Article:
Two months since his fall from grace, Cardinal Angelo Becciu remains in the news, and out of any future papal conclave.
And despite the disgraced cardinal’s attempts to fight his way back to credibility, there seems little prospect of a return to favor for Becciu, who is now effectively a cardinal-in-name-only.
Becciu, the former sostituto at the Secretariat of State and prefect of the Congregation for the Causes of Saints, remains locked in a public dispute with Italian media, whom he blames for ruining his reputation and career.
He claims, in essence, that he has been hounded from office and Pope Francis turned against him because of unfair and untrue media reporting on financial affairs conducted under his direction or supervision.
Becciu has gone so far as to sue an Italian newspaper, claiming its reporting cost him a fighting chance to become the next pope, even though the pope dismissed Becciu weeks before much of the reporting he cites was published.
The cardinal has repeatedly denied any wrongdoing in his handling of Vatican financial affairs, despite reports that he helped steer Church funds to organizations controlled by members of his family. He has also denied allegations that Vatican money was wired to Australia at the time of the trial of Cardinal George Pell, Becciu’s long-time nemesis is Curial financial reform.
The most dramatic accusations leveled against Becciu have yet to be tested in a court, either in the Vatican or in Italy, and supporters of the cardinal have mounted a determined media defense, attempting to paint Becciu’s fall from grace as a sinister plot against him, the pope, and against the Church itself. Earlier this week, local media in Becciu’s native Sardinia reported the cardinal had received a friendly phone call from Pope Francis, and other news sites suggested that call was the opening of a door to Becciu’s possible rehabilitation.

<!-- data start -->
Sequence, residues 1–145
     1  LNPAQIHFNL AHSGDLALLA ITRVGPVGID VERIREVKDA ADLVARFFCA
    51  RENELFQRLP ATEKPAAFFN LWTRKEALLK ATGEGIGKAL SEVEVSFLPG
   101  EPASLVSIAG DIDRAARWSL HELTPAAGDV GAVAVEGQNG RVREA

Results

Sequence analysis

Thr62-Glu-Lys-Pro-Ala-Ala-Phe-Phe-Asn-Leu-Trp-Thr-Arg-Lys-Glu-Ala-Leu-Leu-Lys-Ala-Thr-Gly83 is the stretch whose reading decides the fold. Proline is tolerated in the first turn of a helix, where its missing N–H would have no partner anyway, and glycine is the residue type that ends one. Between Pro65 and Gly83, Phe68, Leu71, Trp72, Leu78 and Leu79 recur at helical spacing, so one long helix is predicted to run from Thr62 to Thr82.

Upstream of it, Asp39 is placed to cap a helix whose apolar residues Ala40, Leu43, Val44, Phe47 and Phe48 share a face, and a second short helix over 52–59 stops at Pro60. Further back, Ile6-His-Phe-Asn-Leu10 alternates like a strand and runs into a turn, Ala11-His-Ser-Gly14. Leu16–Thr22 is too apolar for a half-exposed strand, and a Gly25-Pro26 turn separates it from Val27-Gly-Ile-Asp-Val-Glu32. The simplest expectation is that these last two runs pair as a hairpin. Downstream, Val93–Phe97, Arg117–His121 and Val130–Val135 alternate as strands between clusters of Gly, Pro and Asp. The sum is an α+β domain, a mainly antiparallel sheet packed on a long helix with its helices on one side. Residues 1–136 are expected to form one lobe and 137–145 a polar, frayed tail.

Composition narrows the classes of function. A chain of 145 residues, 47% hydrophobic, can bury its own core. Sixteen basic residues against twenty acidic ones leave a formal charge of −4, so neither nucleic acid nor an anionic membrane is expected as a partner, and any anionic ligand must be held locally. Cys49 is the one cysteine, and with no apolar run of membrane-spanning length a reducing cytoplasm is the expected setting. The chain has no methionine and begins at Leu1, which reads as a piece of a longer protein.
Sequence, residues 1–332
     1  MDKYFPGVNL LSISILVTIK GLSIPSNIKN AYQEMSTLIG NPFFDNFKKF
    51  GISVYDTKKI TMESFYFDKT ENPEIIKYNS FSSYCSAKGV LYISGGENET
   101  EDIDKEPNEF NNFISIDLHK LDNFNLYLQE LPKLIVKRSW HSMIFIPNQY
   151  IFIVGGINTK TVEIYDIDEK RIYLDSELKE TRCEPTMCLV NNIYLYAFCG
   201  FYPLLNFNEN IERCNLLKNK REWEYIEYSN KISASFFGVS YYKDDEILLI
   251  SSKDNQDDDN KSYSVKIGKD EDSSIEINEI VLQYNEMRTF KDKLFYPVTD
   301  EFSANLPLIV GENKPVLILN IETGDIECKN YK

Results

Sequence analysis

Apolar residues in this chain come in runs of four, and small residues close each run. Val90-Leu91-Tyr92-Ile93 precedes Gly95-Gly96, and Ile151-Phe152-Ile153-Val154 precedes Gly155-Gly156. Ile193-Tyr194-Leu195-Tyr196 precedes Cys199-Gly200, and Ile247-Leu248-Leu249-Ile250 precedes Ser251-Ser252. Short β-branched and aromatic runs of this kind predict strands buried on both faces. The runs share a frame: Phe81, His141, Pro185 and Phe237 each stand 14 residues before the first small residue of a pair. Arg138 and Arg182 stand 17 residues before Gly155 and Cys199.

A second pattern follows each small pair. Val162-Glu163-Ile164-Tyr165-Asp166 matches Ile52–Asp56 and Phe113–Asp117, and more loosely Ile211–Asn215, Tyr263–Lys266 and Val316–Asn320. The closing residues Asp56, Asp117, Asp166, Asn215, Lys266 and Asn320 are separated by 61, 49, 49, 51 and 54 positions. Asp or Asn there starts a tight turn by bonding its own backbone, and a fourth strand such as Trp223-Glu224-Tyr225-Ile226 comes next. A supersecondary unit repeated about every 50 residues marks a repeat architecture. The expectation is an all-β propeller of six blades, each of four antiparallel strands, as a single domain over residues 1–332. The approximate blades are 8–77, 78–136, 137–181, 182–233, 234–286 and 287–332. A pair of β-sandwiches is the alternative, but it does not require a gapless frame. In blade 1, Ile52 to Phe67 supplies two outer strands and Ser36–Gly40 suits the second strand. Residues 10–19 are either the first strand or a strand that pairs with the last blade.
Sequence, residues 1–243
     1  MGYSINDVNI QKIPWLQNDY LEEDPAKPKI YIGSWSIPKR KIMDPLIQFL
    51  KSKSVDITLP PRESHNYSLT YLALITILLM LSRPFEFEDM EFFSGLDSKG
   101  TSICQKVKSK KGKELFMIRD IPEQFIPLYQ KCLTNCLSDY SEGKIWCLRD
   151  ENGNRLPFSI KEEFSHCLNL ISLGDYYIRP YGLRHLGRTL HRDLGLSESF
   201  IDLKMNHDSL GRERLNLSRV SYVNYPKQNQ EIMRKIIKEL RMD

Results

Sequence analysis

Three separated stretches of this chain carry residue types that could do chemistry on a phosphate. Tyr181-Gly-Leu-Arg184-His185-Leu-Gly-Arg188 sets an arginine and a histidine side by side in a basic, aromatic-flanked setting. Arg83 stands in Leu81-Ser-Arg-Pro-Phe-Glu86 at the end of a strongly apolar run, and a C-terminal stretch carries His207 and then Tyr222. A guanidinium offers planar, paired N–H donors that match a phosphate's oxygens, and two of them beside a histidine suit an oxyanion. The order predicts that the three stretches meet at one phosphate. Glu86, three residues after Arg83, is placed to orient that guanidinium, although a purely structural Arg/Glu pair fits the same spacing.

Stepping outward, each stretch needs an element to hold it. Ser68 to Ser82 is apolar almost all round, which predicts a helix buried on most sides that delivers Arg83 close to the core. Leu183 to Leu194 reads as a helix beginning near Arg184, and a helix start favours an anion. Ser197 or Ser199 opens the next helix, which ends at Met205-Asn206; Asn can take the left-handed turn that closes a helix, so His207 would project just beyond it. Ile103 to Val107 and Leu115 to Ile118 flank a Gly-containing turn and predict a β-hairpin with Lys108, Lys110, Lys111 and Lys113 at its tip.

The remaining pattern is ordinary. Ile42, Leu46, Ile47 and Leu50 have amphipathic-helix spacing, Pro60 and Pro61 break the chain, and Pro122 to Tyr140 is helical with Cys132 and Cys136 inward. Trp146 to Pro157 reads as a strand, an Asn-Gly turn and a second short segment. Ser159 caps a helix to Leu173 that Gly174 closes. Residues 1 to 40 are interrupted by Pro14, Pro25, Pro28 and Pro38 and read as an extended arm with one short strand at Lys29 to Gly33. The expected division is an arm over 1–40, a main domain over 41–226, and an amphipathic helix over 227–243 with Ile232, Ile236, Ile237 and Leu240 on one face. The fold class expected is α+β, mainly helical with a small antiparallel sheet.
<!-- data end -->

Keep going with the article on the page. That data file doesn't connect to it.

Some have suggested that Francis may one day welcome back an exonerated Becciu, much in the way he has done Pell, following the latter’s vindication by the Australian High Court earlier this year. But parallels between the two cardinals may prove inexact.
But unlike Becciu, Pell was never asked to resign either his curial offices or his privileges as a cardinal, and the pope refused to strip him of either – even after he was initially convicted by an Australian court.
Despite the long working relationship between Francis and Becciu, whatever evidence Vatican prosecutors showed the pope in September, it was enough to convince the pope to deal with Becciu summarily, in a way more similar to Theodore McCarrick than George Pell. The full contents of that dossier have yet to be tested or aired in public, but the contents may go well beyond recent headlines.
Behind the most eye-catching allegations, far more serious, far more complicated, and far better documented questions plague Becciu’s time in charge of the first section of the Secretariat of State — questions about the network of businessmen given charge of hundreds of millions of euros of Church money, where that money went, and who profited from it.
These questions, and an ongoing investigation by Vatican prosecutors, have been gathering pace for almost two years, undercutting the cardinal’s insistence that he is the victim of a tabloid hit job.